Another bandaid or is it time for plastic surgery?

Traditional methods of payment have reached or are rapidly approaching the end of their useful lives. Users of payment systems are increasingly tech-savvy and ready to embrace new payments technologies. But with that savviness comes an increased expectation of simplicity, security, speed, convenience and lower cost.

A new generation of payment technologies is sweeping through the industry, which have the potential to replace (not just disrupt) the current payments ecosystem.

For the past decade, consumer needs have continued to outpace what the industry could provide. In the past, payment service providers largely dictated the functionality of the systems they offered to their customers, but that power is rapidly being eroded by newer, more attractive payment technologies.

The industry must face a harsh reality: the era of the plastic card is nearing its end. Invented in the 1950s, plastic cards were never designed to work in the highly digital environments of internet and mobile payments. The addition of digital features to plastic cards—like the EMV chip and two-factor authentication—won’t save plastic cards from their inevitable demise.

By continuing to patch up the existing payment systems, the industry has allowed a gap to open up between consumer expectation and service delivery. This gap is most pronounced in online card-not-present (CNP) transactions, where fraud is rife. The industry’s response to CNP fraud has been fragmented and clunky. In particular, it hasn’t reduced the cost of fraud to issuers, nor has it addressed the needs of consumers.

Wherever there’s a gap between expectation and delivery, you can be certain someone will dive in and fill it. So, while the industry pursued a strategy of propping up an ageing payments technology, the innovators were busily developing the next generation. These next-generation payments technologies are faster, easier to use, more secure, and more customizable than any card-based system can ever be.

The innovators have come from all quarters: niche systems like Square for specific payment scenarios, end-to-end systems like PayPal that work outside the existing payments ecosystem, tech-focused systems like 3D Secure/VbV that tackle specific deficiencies in card-based payments systems, and hardware manufacturers like Apple and Samsung that attempt to lock consumers to their brand.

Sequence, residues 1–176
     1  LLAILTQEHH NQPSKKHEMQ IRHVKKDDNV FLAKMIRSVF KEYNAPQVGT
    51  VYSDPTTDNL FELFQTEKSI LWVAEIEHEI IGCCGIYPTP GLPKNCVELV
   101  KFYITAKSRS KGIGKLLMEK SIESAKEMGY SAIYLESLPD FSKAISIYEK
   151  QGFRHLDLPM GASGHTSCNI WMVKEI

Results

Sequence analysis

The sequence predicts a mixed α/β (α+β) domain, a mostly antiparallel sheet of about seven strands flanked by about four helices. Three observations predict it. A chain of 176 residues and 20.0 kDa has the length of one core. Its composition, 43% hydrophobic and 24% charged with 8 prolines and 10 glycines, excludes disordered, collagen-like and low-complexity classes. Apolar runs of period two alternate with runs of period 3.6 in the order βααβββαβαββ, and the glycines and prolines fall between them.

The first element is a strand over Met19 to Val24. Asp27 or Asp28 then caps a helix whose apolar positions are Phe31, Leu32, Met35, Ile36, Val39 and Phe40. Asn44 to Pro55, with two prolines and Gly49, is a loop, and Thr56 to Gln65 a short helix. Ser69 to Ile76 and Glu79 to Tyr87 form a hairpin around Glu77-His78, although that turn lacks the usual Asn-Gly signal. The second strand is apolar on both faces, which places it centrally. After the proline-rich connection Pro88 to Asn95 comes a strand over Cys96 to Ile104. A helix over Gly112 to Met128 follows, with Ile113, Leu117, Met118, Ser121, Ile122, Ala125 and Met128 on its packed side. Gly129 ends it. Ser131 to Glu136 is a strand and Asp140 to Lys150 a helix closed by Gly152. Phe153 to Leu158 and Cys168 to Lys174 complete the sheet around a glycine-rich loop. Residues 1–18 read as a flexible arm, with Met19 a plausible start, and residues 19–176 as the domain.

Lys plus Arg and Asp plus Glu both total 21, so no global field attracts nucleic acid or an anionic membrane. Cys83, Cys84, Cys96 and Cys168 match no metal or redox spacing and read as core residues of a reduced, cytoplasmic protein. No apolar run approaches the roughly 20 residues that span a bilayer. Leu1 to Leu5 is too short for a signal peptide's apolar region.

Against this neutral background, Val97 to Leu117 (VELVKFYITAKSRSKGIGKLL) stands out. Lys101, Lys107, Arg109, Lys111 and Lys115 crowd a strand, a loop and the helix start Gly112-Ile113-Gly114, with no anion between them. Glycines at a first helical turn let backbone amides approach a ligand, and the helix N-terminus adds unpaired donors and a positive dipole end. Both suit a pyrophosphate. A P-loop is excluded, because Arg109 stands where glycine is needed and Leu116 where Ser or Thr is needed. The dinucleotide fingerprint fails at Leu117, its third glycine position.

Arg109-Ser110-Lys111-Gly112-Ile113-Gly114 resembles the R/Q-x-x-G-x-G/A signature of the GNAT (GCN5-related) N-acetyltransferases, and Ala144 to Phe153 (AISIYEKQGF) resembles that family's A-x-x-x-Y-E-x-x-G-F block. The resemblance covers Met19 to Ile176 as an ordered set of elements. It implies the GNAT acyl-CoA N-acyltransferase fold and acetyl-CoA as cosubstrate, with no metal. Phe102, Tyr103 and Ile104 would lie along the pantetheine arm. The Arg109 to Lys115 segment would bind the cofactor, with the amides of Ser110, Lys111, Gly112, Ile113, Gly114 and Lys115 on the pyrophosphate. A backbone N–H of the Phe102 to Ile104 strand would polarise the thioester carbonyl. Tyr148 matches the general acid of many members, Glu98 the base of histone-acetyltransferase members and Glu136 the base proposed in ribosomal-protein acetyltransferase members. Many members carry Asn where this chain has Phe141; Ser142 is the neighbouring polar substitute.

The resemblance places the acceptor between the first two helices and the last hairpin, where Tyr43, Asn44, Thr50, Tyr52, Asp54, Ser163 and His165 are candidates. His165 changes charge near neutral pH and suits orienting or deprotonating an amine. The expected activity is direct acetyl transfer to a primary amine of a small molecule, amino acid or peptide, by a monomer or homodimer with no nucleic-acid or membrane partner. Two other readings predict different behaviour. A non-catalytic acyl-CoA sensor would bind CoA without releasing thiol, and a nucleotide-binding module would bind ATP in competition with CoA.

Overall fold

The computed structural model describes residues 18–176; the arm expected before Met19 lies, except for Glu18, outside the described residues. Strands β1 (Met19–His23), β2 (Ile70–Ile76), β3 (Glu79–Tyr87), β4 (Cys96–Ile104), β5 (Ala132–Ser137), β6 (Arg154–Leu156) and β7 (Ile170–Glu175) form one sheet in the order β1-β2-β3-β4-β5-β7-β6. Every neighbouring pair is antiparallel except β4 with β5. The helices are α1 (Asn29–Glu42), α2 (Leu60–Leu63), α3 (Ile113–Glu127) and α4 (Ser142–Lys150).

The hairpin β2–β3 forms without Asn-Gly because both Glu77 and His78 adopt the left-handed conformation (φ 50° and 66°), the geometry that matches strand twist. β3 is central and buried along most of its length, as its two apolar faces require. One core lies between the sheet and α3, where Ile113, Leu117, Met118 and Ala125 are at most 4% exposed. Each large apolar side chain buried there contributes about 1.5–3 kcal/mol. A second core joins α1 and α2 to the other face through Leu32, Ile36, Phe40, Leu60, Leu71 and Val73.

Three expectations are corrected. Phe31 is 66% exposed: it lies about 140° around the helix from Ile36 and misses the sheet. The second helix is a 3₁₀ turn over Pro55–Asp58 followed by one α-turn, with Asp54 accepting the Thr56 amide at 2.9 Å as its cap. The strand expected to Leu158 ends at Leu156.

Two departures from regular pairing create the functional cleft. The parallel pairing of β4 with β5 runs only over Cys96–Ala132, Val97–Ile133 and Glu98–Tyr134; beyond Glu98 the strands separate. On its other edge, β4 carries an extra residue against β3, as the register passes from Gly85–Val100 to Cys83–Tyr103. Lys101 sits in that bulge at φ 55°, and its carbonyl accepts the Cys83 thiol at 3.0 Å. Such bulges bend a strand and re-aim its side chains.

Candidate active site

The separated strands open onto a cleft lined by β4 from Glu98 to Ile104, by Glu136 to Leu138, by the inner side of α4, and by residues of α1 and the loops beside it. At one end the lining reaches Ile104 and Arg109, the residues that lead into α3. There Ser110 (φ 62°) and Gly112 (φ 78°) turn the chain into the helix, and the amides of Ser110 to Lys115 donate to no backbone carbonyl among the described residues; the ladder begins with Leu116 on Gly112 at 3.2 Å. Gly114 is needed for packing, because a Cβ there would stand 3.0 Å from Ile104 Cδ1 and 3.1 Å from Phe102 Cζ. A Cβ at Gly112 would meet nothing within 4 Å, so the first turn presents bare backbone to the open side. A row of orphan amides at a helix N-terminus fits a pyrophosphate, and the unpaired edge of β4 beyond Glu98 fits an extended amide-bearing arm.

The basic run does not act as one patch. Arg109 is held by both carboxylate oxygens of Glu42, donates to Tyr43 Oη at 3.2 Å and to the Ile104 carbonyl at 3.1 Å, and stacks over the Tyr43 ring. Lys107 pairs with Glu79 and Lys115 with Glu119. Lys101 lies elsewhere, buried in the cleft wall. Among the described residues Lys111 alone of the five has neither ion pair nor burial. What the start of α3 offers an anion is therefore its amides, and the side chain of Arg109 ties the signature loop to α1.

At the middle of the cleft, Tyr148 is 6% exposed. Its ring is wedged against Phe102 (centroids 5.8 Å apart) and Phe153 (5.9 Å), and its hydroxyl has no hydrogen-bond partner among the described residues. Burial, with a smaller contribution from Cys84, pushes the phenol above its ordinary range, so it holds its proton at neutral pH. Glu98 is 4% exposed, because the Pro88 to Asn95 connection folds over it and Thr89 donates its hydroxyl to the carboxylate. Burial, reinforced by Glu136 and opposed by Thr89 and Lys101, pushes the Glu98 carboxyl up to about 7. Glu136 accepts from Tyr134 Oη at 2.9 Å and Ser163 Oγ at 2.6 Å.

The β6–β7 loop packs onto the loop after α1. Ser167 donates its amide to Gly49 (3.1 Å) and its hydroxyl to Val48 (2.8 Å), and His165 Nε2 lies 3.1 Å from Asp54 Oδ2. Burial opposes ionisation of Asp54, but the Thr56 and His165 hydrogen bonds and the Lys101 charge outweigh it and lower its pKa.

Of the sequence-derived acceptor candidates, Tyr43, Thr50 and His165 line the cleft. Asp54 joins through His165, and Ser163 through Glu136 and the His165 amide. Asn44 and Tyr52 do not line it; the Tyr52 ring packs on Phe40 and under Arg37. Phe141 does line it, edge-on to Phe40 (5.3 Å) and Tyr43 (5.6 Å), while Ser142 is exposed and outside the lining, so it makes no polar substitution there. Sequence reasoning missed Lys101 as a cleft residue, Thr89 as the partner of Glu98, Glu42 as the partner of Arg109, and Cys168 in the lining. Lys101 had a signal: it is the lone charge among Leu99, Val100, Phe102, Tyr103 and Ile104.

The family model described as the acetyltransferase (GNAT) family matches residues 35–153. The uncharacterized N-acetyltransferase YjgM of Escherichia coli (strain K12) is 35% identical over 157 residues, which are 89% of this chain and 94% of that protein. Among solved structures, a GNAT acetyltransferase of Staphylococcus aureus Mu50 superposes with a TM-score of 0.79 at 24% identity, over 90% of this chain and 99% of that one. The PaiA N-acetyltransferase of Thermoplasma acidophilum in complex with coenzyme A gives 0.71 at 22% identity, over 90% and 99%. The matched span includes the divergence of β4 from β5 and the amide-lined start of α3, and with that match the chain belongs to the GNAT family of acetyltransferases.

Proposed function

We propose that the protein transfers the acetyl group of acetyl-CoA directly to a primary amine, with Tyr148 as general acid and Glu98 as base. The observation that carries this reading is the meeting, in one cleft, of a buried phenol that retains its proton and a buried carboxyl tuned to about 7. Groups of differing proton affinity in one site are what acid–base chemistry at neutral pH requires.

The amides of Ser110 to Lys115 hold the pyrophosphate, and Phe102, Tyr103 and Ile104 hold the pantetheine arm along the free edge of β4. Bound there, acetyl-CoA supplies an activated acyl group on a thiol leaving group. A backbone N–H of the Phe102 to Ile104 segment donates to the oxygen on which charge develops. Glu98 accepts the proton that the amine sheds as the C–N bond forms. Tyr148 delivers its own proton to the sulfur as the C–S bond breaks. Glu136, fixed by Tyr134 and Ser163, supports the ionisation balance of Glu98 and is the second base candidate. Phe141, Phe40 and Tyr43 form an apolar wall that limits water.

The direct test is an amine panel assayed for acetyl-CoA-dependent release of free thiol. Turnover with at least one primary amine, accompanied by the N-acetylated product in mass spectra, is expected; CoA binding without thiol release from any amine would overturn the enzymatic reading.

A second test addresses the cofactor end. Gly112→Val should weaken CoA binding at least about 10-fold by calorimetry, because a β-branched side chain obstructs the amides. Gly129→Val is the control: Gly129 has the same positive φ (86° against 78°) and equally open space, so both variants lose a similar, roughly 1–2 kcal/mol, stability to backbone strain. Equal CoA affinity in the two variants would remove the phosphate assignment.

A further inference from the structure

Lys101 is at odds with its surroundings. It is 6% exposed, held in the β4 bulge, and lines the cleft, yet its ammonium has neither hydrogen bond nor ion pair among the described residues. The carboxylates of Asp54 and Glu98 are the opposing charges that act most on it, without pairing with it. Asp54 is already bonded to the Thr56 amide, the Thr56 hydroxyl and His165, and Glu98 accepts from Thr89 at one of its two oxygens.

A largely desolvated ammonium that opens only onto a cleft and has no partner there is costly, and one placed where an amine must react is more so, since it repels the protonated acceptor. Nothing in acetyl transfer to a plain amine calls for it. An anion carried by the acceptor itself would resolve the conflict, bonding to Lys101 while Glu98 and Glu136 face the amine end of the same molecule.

Tokenisation and two-factor authentication aren’t the solution: they are just bandaids. They typically require new hardware or software upgrades, which is often technically demanding and expensive for retailers, banks and governments to implement.

While some cautious players will wait for the card schemes and major banks to get their acts together, many won’t. In the absence of leadership by the industry, consumers are being allowed to choose which technology suits their payment needs best. Consumer choice is usually a good thing, but, in this case, it only serves to erode the universality of payments and increases the cost of maintaining an ever-expanding array of payment methods.

The range of payment and authentication mechanisms continues to grow, requiring users to employ different methods, each with a different interface and set of credentials for each type of payment. Users already need to keep track of an extensive list of usernames, biller IDs, CRNs, PINs, passcodes, and tokens just to manage their accounts and pay their bills. It’s confusing for users and costly for banks and merchants.

Out of the chaos of disruptive technologies, a solution will emerge. There is certainly no lack of alternatives. But what is lacking is leadership from industry. The payments industry needs to adopt and promote a new payments platform for the twenty-first century: one that is designed to meet the needs of twenty-first century users.

Although we might not be able to put a name on it quite yet, we can be sure what the new payments system will look like in 2020:

  • It will be digital, designed from the ground up for e-commerce, m-commerce, peer-to-peer, and business-to-consumer transactions.
  • It will be universal, designed for every type of payment, from nearby to remote.
  • It will be real-time, providing rapid and reliable settlement within any jurisdiction and across every border.
  • It will be secure, designed to minimize or eliminate the risk and costs of fraud for both nearby and remote payments.
  • It will be portable, designed to work on any mobile or PC device.
  • It will be transparent, ensuring consumers and merchants have visibility on costs and have real choice in balancing flexibility with simplicity.

A digital (i.e. programmable) twenty-first century solution will also create a myriad of opportunities for value-adding and enhancing the user experience. Imagine if billers could quantify their debtors risk by knowing what percentage of unpaid bills had been approved for payment at a future date. Or if parents could safely authorise their children to access a bank account in an emergency. Or if retailers could offer variable surcharges based on actual transaction costs. Or if banks could offer incentives for customers to use low-cost and low-fraud payment mechanisms.

The opportunities for improvement are literally limitless. But none of this is possible with a twentieth-century solution. The keepers of these traditional technologies need only ask themselves one question: where is the existing card-based payments system heading? “Nowhere”, of course, is the correct answer, but how long do we have to wait for them to accept that the era of the plastic card is over?